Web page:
A very quiet day (birdwise)

A nice Saturday morning – sunny and cool. A typical mid Atlantic November day. Huntley Meadows beckoned. It’s never a good sign when you get there a half hour after sunrise and people are leaving. And truth be told, it was three hours of looking for something other than a red winged blackbird. You can hear the kingfisher, but it was far away. You can see the mergansers but they were far away. A blue heron flew in but it was far away. Heck, I probably should have stayed far away from Huntley as well, and catch a few more ZZZs. Oh well, at least there was a collection of water on the ground over some leaves. You just go with the flow. Even if the water is at a standstill (or nearly so).

Bombay Hook National Wildlife Reserve

One of the most interesting places to visit in the east coast of the United States is Bombay Hook National Wildlife Reserve.  Is it by Delaware Bay and the reserve is a major stop in the Atlantic Flyway , the route that most birds take when they migrate northwards or southwards.  This means that birds almost always make a stop at Bombay Hook during the spring and fall migration season.  It makes it easier for non expert birders like myself to find birds to photograph.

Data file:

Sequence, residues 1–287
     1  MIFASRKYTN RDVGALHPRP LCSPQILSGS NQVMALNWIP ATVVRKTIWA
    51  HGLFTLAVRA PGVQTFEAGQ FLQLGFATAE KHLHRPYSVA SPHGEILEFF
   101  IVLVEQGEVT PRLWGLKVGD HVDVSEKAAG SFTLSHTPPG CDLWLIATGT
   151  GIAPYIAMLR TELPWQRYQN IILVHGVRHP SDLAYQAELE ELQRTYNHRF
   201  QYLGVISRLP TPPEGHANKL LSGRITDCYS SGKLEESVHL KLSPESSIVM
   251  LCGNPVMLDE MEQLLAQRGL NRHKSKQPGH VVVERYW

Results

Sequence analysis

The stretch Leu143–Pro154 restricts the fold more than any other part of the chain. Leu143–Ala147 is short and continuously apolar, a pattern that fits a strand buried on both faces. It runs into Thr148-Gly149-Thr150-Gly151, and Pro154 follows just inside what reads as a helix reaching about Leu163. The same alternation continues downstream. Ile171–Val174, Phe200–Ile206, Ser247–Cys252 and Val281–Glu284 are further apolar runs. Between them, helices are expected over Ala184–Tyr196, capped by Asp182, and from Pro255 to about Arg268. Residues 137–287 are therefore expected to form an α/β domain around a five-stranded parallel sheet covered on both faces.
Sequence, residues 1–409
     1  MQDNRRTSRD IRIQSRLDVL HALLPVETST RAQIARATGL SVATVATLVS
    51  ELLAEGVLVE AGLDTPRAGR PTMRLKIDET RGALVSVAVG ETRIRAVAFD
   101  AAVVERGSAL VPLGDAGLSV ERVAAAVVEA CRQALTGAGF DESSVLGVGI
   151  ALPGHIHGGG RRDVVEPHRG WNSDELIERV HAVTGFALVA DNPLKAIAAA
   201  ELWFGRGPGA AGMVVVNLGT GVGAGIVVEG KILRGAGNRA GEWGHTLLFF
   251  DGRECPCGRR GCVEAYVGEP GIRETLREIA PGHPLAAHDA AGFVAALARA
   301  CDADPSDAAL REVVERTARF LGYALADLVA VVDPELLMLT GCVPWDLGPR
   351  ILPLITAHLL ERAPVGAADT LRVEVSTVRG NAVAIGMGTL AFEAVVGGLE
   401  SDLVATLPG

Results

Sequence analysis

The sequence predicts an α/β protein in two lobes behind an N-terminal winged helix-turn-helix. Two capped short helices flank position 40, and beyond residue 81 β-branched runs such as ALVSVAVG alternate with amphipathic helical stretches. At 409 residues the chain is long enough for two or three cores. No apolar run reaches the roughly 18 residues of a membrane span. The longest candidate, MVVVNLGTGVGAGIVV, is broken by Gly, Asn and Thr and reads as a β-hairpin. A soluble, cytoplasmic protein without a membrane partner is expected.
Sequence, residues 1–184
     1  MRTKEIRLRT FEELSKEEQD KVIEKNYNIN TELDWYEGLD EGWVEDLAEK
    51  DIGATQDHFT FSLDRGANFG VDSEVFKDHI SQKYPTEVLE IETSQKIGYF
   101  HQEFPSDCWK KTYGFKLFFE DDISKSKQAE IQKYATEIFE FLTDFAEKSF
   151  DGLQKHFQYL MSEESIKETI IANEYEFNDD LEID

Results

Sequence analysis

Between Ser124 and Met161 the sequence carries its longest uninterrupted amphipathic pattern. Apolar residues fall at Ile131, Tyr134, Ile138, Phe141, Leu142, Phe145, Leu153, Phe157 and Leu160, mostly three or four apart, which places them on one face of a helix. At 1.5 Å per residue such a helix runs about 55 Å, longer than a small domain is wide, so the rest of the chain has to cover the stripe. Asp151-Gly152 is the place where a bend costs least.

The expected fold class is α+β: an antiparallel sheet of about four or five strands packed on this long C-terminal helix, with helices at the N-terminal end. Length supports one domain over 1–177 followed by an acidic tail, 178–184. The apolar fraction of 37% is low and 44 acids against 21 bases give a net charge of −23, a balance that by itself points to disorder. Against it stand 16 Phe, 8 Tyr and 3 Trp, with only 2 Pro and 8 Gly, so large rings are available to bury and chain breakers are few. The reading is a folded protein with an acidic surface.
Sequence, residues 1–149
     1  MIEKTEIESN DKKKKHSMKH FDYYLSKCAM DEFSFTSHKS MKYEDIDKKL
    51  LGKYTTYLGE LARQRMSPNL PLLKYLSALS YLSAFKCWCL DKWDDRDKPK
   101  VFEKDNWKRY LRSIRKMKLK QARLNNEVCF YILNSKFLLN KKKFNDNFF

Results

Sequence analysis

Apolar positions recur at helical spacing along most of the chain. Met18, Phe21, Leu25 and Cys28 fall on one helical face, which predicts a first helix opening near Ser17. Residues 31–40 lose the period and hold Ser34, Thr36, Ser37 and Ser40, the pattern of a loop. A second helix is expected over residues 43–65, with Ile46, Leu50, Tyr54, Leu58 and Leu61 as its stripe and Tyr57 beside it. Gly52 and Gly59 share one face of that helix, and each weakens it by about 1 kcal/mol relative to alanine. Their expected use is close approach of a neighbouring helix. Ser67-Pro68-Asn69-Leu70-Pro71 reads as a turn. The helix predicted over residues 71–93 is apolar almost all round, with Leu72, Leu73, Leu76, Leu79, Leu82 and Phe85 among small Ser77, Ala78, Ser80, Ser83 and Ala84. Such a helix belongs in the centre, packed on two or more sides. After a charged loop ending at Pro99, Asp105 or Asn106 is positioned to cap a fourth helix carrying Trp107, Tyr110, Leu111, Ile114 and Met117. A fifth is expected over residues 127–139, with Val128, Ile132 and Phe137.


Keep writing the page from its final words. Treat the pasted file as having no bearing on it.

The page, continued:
Bombay Hook is a two hour drive from Northern Virginia.  You head to Annapolis, Maryland and then cross the Bay Bridge towards the Eastern Shore.  You proceed towards Wilmington, Delaware though you actually end up near Smyrna.  Since you need to get to the reserve around sunrise, you generally have to leave at 4AM or a little earlier to get there on time.  Every trip yields different photo opportunities.  Just don’t come here in the summer.  You will be eaten alive by mosquitoes, flies and other biting insects.  Actually, if you have a thick skin and/or love insects (which birds apparently do), this could be the place to be in the summer.  It is only a short drive from the Delaware Atlantic beaches.  It is also a short drive from Wilmington, Delaware.

Bombay Hook has plenty of short walking trails that allow different views of the marshes and pools that dot the reserve.  There are, of course, a lot of trees, bushes, flowers and other things that hide birds (and feed birds) quite well.  My musings on Bombay Hook will be comprised of multiple postings.  I only started visiting this wildlife reserve earlier this year.  It will be a place that I will return to again and again.

The pictures below were taken on my first trip to Bombay Hook (late April 2017).

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